Unfortunately, I try to control my husband. He is so easy-going and agreeable that I sometimes stop and notice that I am bossing him around. Not in a rude way, but definitely telling him what to do or how we should do whatever we are about to do. We have talked about it, and I have asked him to offer more input. Because in the absence of another opinion being put forward, I will just take over without even realizing it. Then I feel awful!!!

    Reply
    • September 29, 2016

      Michele, this self reflection is HUGE! Great job. I’m sure Jeff appreciates you and values how you treat him.

      Reply
  3. Teresa Matthews
    October 2, 2016

    This is a very good read. I need guidance from a Pastor’s point of view on my situation. My husband and I were/are Ministers, but have come to an impasse in our lives. My husband asked me to leave our home/parsonage this past July 21, 2016, because he was angry with me. We have a ministry that we started 8 years ago, but no church. He has always preached with an anointing! But, 3 years ago, he had a massive heart attack and then another one 4 months later, which resulted in an open heart surgery with 3 bypasses. After that, his health started declining. He lost interest to do things and get out of the house. Pastors in our area didn’t want him preaching from their pulpits, because he was very blount (they felt arrogant) and firm when he preached from their pulpits. He started making statements about how a lot of Pastors were wrong in what they preached, and he could “help” them if they would just listen to him. This was referring to any denomination or non-denominational church. Therefore, he lost many, many pastoral friends. He has lived in our home without anyone coming to see him or showing that they care for over 3 years. I feel I have been the one he takes it all out on many, many times and it has hurt me to the bone, but I still loved him! He made a man cave in our den and that is where he lives day and night, 24/7, Depressed and oppressed, mad at the world, and me also, I guess. All of his siblings died in their late 40’s-56 of massive heart attacks and one with pancreatic cancer. He has no family left other than 2nd and 3rd cousins whom he rarely sees. I WAS his only immediate family. He has outlived them all at 57 years of age. I still have my Mother, my sister, and my 3 children from my 1st marriage. The past year, I feel he started struggling with my family and them not accepting him the last few years. He had made statements that were so far in left field so to speak, that no one had any trust in him, My family especially. He had asked me to leave him several times over this past year, but I always stayed because he WAS my Best Friend and I loved him so very much! I always told him I loved him and I was not leaving him!! We even talked of him getting help to get off of narcotics he had been on since his surgery. But he never went. Everyone, even his Drs, told him he needed help. But he felt he didn’t and everyone was just wrong about him. But that day, after coming home from eating out with my daughter, he bluntly told me to leave. And if I didn’t leave this time, either he would kill me, or I would kill him eventually! I was sooo hurt! This is a minister of the Gospel telling me this!! I started packing and in several weeks moved in with my elderly Mother. I don’t know what to say to him now, so I say nothing. I’m silent. He has bitterness for so many people including me. What he calls love, this I cannot see. We were always Best Friends! Always talked to each other about things. We both knew our very hearts desires. But somehow, it all changed with arguments and bitterness. I’d lay in our king size Master BR day in and day out, while he slept 24 hrs a day in his den. This went on for over a year. We had a church during our ministry a few years back. We stayed there almost 9 months and then he decided we should leave. He felt people were not listening to him and were being guided by a previous pastor there. So we left. I’m not trying to complain here, just explaining what has happened. A Pastor may go through what any other man would go through, with temptations, trust, mistrust, and feeling defeated! They are not amune to anything in this world!! They do however, have to keep prayed up and pray that their congregation will back them with their love and prayers but that’s not always the case. We saw it many, many times. I’m writing this because your post hit me so hard! Here I am, a Pastor’s wife, that’s hurting so deeply. I have no idea on how to move forward. I’m stunned, hurt, whole body feels numb. Can you recommend someone or something I can do to help my Best Friend, my Husband? And help me while they’re at it? He never mentioned a marriage counselor, and I didn’t think of it until now. He would have though, had it been a member of “his” congregation. I’m very heart broken. Can you advise?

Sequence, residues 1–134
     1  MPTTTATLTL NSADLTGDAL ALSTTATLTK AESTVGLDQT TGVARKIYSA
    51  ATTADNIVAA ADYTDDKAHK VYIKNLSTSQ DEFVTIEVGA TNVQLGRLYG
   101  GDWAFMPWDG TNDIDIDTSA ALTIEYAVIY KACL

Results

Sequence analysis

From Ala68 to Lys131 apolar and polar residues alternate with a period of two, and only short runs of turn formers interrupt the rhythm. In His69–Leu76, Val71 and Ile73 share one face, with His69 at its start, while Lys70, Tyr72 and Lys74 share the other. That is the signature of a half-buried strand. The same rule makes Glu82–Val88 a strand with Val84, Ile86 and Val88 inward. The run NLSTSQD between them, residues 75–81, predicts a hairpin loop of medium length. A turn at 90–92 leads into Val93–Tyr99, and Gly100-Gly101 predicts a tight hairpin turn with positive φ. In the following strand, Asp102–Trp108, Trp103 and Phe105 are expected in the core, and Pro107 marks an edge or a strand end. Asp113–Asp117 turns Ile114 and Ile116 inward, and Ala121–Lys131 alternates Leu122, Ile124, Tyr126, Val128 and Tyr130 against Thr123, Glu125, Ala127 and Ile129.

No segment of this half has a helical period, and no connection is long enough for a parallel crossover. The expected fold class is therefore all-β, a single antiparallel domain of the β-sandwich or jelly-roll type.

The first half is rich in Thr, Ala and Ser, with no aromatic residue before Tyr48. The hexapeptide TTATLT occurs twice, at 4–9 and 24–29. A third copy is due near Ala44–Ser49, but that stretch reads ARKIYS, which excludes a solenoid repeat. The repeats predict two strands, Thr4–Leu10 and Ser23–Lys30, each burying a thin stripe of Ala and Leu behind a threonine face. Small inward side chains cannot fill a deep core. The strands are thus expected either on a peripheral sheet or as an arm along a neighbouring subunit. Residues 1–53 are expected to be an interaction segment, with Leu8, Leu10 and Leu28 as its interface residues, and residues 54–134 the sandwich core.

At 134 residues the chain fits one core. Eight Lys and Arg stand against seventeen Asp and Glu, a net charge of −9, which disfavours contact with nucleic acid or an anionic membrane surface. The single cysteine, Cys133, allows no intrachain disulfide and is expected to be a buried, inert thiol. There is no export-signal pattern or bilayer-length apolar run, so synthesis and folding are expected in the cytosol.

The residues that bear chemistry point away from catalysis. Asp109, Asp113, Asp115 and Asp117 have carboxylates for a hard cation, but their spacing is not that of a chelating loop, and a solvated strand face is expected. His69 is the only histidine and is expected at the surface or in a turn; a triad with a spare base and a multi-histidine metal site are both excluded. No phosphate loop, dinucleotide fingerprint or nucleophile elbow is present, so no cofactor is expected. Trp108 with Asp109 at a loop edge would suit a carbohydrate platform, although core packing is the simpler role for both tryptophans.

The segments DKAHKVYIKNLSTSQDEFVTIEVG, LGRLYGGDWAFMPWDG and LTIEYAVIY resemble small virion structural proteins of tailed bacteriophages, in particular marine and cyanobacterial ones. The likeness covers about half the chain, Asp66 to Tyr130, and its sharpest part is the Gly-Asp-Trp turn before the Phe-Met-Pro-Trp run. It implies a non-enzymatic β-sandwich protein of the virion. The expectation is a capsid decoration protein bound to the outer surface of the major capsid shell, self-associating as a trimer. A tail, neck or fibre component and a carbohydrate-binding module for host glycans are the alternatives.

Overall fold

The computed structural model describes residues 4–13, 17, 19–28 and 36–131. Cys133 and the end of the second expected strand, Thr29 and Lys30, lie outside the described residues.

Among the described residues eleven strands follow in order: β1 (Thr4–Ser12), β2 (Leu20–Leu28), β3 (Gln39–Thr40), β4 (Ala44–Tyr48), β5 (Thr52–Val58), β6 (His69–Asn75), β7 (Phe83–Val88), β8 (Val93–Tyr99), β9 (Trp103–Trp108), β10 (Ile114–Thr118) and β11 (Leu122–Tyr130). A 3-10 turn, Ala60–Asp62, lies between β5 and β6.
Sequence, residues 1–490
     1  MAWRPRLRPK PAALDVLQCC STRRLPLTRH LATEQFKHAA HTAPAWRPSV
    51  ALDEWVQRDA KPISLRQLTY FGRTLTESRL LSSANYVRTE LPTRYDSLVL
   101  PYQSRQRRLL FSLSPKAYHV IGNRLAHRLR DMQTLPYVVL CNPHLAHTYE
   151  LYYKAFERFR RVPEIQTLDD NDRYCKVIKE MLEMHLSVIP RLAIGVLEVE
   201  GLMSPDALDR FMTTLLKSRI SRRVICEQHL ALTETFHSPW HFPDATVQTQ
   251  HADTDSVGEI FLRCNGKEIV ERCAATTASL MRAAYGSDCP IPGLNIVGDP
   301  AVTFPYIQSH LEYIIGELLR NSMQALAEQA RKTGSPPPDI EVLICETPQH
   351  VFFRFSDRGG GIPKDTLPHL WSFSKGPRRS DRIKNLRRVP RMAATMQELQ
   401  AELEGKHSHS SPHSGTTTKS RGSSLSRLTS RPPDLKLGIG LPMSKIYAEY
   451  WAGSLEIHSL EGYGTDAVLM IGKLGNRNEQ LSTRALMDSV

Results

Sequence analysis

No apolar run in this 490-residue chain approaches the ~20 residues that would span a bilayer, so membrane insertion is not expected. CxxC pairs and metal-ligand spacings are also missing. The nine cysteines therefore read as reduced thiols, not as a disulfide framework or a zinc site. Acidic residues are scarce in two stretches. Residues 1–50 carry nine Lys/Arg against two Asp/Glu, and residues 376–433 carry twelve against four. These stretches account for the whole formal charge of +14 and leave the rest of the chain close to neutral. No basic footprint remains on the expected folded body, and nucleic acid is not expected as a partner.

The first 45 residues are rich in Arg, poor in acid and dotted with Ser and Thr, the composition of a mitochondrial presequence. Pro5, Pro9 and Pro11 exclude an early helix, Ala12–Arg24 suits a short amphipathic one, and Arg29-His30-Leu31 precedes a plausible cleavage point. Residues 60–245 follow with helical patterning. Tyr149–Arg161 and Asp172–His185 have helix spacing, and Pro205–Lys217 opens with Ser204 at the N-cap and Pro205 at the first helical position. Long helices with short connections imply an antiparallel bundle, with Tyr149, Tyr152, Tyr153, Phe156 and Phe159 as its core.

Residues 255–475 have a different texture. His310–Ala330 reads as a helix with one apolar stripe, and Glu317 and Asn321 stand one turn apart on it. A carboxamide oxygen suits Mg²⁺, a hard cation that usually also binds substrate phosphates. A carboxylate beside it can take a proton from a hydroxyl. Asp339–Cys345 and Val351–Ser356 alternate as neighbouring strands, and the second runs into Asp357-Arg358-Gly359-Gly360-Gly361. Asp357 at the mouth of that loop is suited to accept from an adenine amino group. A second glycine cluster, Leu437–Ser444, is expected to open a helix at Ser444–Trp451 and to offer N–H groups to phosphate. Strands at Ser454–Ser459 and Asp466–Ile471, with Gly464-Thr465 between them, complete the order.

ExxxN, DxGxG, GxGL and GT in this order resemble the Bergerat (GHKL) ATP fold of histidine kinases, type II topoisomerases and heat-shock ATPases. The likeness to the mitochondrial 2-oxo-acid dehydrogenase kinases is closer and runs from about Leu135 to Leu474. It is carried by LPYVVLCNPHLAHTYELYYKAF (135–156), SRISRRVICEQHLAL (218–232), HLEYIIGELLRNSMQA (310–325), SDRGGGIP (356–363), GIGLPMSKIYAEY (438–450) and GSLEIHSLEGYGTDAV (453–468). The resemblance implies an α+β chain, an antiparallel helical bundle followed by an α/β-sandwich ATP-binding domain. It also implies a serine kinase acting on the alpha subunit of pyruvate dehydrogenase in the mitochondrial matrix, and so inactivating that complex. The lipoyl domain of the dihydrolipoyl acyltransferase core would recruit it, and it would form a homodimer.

Reply
    • October 3, 2016

      Teresa, are you out of the house now? I think getting you to a safe distance is the first priority. It would be good for you to see someone to talk about what you are going through. If there is a Christian counselor near by I’d go see them. Unfortunately there are no easy answers or quick fixes for your husband. You pray. You love him, even if that means you have to love from a distance. This is a big situation and you need more help than I can give you in a comment. If there is a denominational tie you could check with someone there to see what resources they offer. For now, make sure you are safe and healing. We cannot control others, but we have to learn how to control what’s going on inside of us.

      Reply